Organization helps takes shame and guilt away from sexual assault victims

August 11, 2015

“I was raped from age three and throughout my childhood,” Lynn Wellman, the founder of ‘Stop Feeding the Predators’ (SFTP) stated to the Examiner this week. “It was not by the same person over and over, but various people who were trusted by my family.”

Graphic by Jack Dennis
Graphic by Jack Dennis

Wellman’s story of abuse evolved into taking charge as a way to rid the guilt and shame that dominated her life. Eventually, she has joined in with numerous hours of training and information from other organizations, but considers her experience to be the biggest strength in offering understanding to help others and obtain healing in their lives.

After founding SFTP in 2007, McClain worked to acquire non-profit 501c3 status in 2011.

“The first person I helped find healing from sexual assault was a 90 year old man,” Wellman smiles. “He later became my best friend. His wife never told him that she had been raped. He found out in her diary after she died. He was devastated.”

Motivated, Wellman toured eight states in nine days in 2013 to promote SFTP on an “East Coast Tour,” she explained. “As a result of that, SFTP now has a radio program that airs through internet radio out of New Jersey. In 2014, I rented an office and we just signed another lease for 2 years.”

SFTP now holds support group meetings, gives presentations, and helps people effected by sexual assault.

“I don’t blame my mom,” says Wellman. “My Mom didn’t experience childhood sexual assault personally so she didn’t know what to look for and she had no idea what people were doing to me. For example, she didn’t know that when she stepped out of the room after the doctor completed my kindergarten physical, he raped me.”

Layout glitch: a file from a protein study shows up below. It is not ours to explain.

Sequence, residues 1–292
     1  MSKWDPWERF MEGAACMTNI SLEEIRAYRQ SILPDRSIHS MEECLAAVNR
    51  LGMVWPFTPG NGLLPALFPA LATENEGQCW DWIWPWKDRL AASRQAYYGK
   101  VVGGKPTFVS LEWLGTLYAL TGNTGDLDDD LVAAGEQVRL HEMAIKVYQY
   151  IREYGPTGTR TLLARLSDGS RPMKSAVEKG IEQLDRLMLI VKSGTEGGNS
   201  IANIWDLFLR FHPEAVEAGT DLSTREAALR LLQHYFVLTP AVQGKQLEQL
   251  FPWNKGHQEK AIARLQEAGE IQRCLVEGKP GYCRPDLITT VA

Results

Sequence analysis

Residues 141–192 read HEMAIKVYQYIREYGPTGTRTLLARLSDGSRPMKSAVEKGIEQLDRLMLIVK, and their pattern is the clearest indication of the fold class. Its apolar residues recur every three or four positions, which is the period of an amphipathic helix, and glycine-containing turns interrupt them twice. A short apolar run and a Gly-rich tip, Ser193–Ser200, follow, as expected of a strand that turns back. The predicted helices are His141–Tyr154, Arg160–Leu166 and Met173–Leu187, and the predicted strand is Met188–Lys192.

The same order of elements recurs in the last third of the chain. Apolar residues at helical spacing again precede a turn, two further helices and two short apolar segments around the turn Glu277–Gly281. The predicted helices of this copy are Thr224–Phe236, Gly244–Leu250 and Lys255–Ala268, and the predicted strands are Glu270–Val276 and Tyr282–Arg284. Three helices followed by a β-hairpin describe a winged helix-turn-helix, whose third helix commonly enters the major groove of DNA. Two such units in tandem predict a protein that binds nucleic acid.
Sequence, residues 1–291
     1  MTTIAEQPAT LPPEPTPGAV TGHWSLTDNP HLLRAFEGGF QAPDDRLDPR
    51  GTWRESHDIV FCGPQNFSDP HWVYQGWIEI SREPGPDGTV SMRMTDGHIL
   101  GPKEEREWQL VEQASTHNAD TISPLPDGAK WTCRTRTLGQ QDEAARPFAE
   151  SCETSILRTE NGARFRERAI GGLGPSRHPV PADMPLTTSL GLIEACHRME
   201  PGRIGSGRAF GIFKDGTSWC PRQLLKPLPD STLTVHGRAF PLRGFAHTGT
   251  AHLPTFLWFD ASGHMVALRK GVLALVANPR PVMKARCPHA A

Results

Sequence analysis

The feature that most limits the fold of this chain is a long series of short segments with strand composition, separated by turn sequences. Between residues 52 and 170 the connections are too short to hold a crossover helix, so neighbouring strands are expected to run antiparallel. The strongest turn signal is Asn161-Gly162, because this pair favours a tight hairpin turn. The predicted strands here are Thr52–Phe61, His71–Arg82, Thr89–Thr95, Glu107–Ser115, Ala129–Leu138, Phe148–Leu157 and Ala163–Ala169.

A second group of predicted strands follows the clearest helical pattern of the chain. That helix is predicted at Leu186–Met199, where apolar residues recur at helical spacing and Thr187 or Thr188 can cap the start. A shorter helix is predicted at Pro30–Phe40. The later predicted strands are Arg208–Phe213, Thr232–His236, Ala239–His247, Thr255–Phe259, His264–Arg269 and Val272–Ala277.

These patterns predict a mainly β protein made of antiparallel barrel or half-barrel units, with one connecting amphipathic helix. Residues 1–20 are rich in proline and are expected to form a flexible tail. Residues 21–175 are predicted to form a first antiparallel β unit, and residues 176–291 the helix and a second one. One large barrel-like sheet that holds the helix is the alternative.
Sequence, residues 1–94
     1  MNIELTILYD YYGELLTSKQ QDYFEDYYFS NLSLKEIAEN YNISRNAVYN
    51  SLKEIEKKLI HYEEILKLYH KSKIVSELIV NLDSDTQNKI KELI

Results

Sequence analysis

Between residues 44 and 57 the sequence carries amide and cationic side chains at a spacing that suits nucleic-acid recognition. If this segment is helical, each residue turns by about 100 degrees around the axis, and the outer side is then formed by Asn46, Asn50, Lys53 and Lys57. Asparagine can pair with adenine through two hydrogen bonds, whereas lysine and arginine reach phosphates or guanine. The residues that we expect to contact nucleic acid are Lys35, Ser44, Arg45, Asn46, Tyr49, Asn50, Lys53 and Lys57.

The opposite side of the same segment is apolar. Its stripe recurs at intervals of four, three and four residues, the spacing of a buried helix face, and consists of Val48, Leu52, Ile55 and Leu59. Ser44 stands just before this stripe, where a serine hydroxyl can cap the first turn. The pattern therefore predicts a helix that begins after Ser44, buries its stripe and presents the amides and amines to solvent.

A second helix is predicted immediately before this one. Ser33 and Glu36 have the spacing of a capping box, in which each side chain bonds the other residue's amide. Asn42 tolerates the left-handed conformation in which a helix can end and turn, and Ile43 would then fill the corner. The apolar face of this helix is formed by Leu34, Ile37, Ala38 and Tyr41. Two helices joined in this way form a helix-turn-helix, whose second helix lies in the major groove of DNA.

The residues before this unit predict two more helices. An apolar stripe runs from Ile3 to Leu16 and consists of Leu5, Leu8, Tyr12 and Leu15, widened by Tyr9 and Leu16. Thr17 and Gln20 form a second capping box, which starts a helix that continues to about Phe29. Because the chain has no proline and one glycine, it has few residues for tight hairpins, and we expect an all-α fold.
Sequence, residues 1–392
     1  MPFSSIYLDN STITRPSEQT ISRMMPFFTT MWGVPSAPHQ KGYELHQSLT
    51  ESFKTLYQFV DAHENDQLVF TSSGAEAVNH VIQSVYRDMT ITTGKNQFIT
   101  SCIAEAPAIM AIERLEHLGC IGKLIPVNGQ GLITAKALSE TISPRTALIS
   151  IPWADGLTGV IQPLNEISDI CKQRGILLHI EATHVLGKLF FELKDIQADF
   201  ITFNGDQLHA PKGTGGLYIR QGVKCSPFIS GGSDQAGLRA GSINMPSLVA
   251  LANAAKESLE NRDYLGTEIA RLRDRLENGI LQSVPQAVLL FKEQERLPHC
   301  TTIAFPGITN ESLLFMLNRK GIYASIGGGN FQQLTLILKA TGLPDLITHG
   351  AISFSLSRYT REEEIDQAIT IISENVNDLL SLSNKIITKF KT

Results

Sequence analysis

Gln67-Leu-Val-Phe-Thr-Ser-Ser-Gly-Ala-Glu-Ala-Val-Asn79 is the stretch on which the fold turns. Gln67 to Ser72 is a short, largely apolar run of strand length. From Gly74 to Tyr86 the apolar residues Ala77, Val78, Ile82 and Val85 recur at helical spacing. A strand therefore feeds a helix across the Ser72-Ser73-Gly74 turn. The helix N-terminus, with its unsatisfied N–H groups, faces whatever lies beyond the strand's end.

“As is typical with young girls who are sexually assaulted, I became a flirt, to say the least,” Wellman said. “Relationships were unhealthy and usually abusive. I finally got myself together and was ready for a healthy relationship. I met a man who worked at my office. He was in college and our families knew each other. He and I had not met previously. He had no addictions and was respectful towards me. We were married in 1989.”

Wellman revealed that weeks prior to a car accident she was in, she “’knew’ something was going to happen.”

Again, just “twenty-five minutes before the accident, I knew it was going to happen,” she revealed. “The crash caused brain damage that interfered with my short term memory and emotional connections. I was kind of like Spock from Star Trek. Most of my decisions were based on what was the next logical step.”

Ten years later, Wellman’s husband attempted suicide. She said it was sudden and unexpected, but “it was revealed that my husband had been raping one of my children. The effects of what he did to our family tore everyone apart. It was as if the entire family had been raped.”

“I learned this abuse had been happening for many, many years,” she continued. “My brain damage helped me to deal with what needed to be done next because I was not even angry at that time. I simply did not have the brain connections to emotionally deal with it at that time.”

By 2007, “the brain damage healed and I was hit all at once with the effects of what had happened,” she recalls. “I was dealing with all the emotions at once.”

With the encouragement of a friend after the crisis settled somewhat, Wellman planned on writing a book entitled “Stop Feed the Predators.” As she began writing, it was decided Wellman should start a non-profit organization “because I could help a lot of people.” The book, unfinished at 16 chapters so far, could come out later, but he felt I should get to work helping others. Wellman said she prayed and decided to not worry about the money, that she would help others.

“We work with people who were abused when they were younger, parents who kids have been assaulted, and teach people how to help protect their kids,” Wellman tells. “We are in the process of creating a program that will help teach children how to know when and whom to tell if anything happens.”

New episodes of this emotionally charged education program are released on Saturdays at 7 p.m. CST.

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